To evaluate the role of STAT1 in the exacerbation of cytokine-induced β-cell apoptosis observed after PTPN2 inhibition, we additionally interfered with STAT1 in a double knockdown approach. We first confirmed by Western blot that both PTPN2 and STAT1 siRNAs adequately inhibited their respective targets without affecting the expression of the other protein and also that the double transfection of PTPN2 and STAT1 siRNAs potently inhibited both target proteins (Fig. 6A). As previously shown (Fig. 4), IL-1β + IFN-γ or TNF-α + IFN-γ induced apoptosis to a similar degree in both control conditions, and PTPN2 inhibition exacerbated cytokine-induced apoptosis, also rendering treatment with IFN-γ alone toxic to the cells (Fig. 6B). Inhibition of STAT1 protected the cells against IL-1β + IFN-γ- and TNF-α + IFN-γ–induced apoptosis (by 56 and 67%, respectively). STAT1 knockdown abrogated the proapoptotic effect of PTPN2 inhibition in cells exposed to IFN-γ or to combinations of cytokines (Fig. 6B). These results were confirmed using a second siRNA targeting PTPN2 expression (Supplementary Fig. A6) and suggest that increased STAT1 activity contributes to the aggravation of cytokine-induced apoptosis in PTPN2-deficient β-cells.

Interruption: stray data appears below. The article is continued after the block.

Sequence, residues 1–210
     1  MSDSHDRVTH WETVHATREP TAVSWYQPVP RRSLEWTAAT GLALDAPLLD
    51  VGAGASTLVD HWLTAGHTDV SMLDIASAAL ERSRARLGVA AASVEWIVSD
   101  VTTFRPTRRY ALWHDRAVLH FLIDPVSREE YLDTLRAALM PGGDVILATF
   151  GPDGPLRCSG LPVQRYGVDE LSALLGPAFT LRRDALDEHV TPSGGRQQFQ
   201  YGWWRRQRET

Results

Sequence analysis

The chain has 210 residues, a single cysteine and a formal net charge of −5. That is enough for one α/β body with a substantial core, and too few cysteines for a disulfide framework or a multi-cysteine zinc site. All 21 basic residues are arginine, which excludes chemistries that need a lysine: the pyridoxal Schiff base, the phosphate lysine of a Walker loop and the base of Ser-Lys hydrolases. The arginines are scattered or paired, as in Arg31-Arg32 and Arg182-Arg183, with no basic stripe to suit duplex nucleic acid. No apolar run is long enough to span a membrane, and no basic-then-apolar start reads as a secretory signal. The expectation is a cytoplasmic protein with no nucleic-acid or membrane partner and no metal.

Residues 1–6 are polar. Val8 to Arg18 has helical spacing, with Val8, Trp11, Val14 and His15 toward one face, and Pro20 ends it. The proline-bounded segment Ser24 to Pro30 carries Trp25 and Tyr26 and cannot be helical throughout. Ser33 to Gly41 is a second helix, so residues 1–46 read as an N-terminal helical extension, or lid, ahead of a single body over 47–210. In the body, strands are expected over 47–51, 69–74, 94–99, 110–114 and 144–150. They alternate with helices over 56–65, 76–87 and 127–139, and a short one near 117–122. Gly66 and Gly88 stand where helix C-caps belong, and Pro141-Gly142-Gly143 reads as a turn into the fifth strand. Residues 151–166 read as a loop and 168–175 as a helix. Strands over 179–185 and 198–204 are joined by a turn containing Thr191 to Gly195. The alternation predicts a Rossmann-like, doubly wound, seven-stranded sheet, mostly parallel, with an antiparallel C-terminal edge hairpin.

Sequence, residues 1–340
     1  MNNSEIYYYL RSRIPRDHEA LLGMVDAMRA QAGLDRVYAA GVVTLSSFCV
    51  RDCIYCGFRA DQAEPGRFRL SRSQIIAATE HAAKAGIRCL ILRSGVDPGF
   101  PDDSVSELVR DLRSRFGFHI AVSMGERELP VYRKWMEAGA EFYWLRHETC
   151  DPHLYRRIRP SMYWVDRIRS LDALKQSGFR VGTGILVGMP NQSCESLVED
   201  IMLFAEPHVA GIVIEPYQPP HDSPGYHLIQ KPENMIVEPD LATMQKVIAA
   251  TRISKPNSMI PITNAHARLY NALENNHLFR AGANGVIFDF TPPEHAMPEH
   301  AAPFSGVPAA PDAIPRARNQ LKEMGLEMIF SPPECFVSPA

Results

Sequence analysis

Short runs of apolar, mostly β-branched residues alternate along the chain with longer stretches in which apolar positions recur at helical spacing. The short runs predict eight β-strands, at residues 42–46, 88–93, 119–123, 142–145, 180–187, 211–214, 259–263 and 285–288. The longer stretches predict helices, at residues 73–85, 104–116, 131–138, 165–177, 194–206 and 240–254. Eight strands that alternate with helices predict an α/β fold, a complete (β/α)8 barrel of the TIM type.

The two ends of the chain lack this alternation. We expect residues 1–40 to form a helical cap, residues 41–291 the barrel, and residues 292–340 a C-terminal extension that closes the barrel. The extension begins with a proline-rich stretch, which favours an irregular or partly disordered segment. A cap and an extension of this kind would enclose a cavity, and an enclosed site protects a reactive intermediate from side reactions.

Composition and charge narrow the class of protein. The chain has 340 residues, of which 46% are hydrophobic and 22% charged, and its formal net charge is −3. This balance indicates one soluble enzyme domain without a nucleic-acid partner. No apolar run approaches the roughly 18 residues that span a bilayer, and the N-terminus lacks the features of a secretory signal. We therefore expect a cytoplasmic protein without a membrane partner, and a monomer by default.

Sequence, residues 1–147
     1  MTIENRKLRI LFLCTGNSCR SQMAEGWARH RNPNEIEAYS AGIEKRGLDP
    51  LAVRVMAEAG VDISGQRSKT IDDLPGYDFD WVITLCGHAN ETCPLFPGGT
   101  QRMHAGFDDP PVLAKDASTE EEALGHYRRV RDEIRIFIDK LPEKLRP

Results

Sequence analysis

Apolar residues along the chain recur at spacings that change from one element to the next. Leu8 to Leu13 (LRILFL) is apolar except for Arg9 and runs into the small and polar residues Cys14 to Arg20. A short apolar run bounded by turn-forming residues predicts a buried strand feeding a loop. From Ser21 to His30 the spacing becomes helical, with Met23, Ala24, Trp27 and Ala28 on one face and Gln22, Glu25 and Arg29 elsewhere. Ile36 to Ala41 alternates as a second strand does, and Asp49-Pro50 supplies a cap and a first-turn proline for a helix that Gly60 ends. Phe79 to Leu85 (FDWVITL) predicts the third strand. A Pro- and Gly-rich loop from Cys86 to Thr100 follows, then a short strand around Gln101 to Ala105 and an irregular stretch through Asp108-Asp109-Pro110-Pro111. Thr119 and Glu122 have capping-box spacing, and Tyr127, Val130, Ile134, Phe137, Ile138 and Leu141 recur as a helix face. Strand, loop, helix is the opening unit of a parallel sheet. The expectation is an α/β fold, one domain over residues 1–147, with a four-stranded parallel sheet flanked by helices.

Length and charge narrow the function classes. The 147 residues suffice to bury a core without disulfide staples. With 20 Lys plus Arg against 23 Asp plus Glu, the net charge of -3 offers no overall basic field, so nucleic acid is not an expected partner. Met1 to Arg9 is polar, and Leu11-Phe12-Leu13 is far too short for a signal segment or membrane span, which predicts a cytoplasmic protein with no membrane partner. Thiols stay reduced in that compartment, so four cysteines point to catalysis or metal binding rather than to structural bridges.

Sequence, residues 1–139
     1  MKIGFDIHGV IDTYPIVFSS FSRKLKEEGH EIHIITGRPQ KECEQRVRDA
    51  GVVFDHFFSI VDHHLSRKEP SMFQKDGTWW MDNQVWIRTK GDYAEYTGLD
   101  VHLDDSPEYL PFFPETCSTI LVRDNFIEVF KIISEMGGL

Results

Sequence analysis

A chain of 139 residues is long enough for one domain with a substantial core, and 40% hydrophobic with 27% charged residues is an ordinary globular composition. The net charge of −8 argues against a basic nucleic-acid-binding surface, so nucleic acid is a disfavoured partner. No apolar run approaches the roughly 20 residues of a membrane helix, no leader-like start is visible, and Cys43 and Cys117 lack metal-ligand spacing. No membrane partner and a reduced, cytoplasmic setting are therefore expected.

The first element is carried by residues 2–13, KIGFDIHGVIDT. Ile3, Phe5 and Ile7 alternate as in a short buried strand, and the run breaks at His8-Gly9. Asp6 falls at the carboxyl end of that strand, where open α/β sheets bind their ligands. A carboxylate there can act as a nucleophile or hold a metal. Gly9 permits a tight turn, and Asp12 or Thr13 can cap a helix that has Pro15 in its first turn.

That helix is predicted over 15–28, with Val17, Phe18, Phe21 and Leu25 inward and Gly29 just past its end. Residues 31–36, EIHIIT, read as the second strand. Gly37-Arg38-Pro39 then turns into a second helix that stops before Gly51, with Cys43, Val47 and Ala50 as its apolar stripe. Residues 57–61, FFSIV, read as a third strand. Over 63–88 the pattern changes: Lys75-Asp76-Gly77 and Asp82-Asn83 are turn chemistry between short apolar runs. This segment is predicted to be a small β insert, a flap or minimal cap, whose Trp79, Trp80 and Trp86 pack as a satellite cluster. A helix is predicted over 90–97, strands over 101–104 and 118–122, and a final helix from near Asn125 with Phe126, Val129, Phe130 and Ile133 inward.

We presently show that the phosphatase PTPN2 is expressed in human islets and rat primary and immortal β-cells and that its expression is regulated by the pro-inflammatory cytokines IL-1β, IFN-γ, and TNF-α in these cells. PTPN2 was first identified in humans as a T-cell PTP (41) with two spliced variants, namely TC45 and TC48 (13,42). In rat β-cells and human islets, the TC45 isoform is by far the most prevalent (Fig. 1D and and33 B), and it is able to shuttle between the nucleus and the cytoplasm after cytokine exposure (Fig. 2). This change in subcellular location of PTPN2 has been shown previously in other cell types (14,16) and allows the phosphatase to target numerous cellular substrates, including cytoplasmic JAK tyrosine kinases, EGFR, the IRβ and nuclear STAT1, STAT3, STAT5, and STAT6 (43,44). Because of its modulatory role in a wide variety of signaling pathways, perturbations in PTPN2 expression are associated with diverse pathogenic processes, including ABC-like diffuse large B-cell lymphomas (45), inflammation-associated tumorigenesis (44), and several autoimmune disorders (see below).